OPV-a cause for increased counts of flaccid paralysis in rural India

Davangere Environment Health

Rural India still shows increasing counts of Acute flaccid paralysis

One fine evening in the month of July when Mallikarjun was back from school, he had his evening snack and then went off to bed for a nap. When he woke up, he was unable to stand up, his right limb was trembling and he was gasping for breath narrated Lakshminarayan, Mallikarjun’s father. He was rushed to the district hospital where it was declared that the symptoms his body showed resemblance to that of polio. This case is from Shantinagar, a remote village in the Harapanahalli Taluk.

It is not only his case that exists in the Harapanahalli Taluk in Davangere district of Karnataka which is 270 km far from Bengaluru. N Lakshmamamaik’s son got paralyzed after the OPV drops were orally registered into his body. Coming across real-life scenarios of such a deadly disease, bring us down to a big doubt if polio still exists.

Mallikarjun’s family said that he was not born paralyzed. The onset of paralysis was a few years after the intake OPV drops.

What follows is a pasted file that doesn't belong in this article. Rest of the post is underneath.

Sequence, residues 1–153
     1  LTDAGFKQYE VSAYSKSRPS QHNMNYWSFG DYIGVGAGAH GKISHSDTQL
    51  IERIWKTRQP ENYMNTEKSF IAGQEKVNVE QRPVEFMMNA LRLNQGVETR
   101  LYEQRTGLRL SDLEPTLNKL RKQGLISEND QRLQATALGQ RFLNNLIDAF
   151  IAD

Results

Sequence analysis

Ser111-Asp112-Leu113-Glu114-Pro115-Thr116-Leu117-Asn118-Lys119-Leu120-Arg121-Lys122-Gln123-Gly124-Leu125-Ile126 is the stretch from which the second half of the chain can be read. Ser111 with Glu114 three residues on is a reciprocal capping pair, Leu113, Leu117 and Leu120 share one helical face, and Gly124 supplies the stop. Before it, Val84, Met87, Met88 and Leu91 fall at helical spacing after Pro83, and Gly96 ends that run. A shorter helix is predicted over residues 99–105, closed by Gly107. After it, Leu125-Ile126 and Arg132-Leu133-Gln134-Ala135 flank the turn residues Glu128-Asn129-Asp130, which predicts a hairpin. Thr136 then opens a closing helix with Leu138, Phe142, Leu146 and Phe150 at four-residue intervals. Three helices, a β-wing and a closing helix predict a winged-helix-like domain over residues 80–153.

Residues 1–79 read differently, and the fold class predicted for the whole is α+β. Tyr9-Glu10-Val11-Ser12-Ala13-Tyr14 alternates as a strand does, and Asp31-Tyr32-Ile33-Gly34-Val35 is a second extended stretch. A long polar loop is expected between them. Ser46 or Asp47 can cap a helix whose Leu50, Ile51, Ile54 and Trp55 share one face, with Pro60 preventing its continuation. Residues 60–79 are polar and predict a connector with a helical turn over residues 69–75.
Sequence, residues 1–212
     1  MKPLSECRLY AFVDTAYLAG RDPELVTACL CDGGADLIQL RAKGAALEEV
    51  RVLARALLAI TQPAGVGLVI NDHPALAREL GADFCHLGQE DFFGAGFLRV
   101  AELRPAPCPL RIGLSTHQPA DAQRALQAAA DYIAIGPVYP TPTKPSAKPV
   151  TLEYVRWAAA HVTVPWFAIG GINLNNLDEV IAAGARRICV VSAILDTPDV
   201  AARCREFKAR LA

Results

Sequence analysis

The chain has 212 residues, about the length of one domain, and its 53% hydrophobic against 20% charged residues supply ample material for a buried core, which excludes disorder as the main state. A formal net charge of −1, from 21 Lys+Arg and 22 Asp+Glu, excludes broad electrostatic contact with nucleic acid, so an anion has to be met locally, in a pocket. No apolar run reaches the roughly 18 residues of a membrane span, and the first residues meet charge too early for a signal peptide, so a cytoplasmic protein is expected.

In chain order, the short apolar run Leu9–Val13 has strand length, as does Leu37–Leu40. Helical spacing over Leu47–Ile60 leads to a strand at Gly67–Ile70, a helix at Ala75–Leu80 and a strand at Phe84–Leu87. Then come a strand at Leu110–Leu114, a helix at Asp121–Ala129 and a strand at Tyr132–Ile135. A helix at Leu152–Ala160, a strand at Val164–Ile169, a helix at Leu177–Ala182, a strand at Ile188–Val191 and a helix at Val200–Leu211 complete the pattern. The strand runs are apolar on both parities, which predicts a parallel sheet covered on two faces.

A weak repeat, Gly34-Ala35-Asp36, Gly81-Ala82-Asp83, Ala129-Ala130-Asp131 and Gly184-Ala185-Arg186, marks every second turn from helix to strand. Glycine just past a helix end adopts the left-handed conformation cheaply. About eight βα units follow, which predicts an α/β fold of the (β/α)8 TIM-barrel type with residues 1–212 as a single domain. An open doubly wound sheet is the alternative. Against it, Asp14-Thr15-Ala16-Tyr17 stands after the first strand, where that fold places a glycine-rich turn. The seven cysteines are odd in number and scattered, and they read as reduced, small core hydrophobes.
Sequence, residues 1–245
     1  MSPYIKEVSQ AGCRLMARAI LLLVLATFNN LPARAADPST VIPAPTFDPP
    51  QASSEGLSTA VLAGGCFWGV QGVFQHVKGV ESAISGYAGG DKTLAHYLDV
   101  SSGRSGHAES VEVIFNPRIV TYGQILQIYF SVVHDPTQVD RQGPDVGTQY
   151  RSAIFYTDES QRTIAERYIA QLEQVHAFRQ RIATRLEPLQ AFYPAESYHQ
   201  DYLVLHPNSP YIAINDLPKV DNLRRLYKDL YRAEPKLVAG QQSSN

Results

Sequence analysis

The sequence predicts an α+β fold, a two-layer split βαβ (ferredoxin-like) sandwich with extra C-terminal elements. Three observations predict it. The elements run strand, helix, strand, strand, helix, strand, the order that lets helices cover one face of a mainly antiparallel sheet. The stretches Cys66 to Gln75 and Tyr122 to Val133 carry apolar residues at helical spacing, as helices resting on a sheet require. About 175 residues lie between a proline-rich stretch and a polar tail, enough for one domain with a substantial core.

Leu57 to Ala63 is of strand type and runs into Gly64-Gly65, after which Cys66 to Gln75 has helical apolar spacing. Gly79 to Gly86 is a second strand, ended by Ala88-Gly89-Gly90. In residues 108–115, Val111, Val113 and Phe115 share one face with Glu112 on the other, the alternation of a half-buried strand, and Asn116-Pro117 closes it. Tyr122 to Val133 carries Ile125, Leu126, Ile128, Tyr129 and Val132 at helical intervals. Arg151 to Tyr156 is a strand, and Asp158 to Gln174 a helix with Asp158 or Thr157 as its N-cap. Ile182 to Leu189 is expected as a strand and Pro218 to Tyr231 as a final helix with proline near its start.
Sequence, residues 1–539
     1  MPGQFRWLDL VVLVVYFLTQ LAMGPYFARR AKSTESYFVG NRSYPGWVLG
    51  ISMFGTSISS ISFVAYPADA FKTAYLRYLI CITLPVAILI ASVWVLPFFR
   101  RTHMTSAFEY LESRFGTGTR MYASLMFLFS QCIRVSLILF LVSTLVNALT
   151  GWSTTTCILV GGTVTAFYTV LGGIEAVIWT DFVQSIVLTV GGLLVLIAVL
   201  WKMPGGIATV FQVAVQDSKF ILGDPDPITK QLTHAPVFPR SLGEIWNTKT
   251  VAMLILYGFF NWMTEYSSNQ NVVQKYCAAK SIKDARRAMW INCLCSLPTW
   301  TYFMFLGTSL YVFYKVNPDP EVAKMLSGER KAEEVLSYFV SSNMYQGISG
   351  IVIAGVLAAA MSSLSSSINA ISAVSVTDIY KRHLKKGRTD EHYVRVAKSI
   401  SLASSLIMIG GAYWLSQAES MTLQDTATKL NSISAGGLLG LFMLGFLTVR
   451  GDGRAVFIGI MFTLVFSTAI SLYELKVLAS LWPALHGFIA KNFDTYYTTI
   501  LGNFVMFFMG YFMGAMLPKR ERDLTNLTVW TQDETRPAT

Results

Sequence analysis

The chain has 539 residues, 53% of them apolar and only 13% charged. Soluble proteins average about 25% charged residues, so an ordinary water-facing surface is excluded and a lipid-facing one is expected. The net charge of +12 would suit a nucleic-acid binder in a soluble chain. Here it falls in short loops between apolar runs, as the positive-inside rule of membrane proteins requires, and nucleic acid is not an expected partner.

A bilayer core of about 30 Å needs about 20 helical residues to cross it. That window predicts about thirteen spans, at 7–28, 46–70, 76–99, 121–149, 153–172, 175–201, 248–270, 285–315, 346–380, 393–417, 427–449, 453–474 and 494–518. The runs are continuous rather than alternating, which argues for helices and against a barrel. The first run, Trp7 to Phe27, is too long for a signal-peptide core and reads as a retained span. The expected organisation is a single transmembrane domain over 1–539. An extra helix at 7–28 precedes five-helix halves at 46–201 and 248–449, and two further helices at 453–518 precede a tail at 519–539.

Pulse Polio Immunization
Credits: Getty Images

Non-Polio Acute Flaccid Paralysis is a sudden onset of paralysis or weakening of muscles in any part of the body, especially limbs when the weakened polio virus gets activated in the body of children below fifteen years of age. Poliomyelitis, on the other hand, is caused through the transfer of wild poliovirus if the virus enters the body from contaminated hands (with stool) of an infected person. Polio occurs mostly under poor hygienic conditions.

Primary Health Centre (PHC) Harapanahalli

However, there are other views to the present cases of NPAFP where the District Health Officer, Ramesh of Davangere says, “the Taluk is polio-free. The symptoms might be similar to that of polio but it is not a case of poliomyelitis”.

India has been declared polio-free. However, the rising cases of non-polio acute flaccid paralysis have put the country and thereby people of Harapanahalli and adjoining areas under threat.

The cases of non-polio acute flaccid paralysis (NPAFP) in India has been increasing since the year 2000.  It is also established that with an increase in pulse polio rounds the number of cases of NPAFP has registered an increase.  An increase of 2.7 cases of NPAFP in the year 2016-17 per under-15 population, 100,000 for each round of pulse polio has been found. It is a matter of great concern that even after India was declared Polio free in the year 2011 and got certified as a polio-free nation in 2014, still cases of non-polio acute flaccid paralysis exist.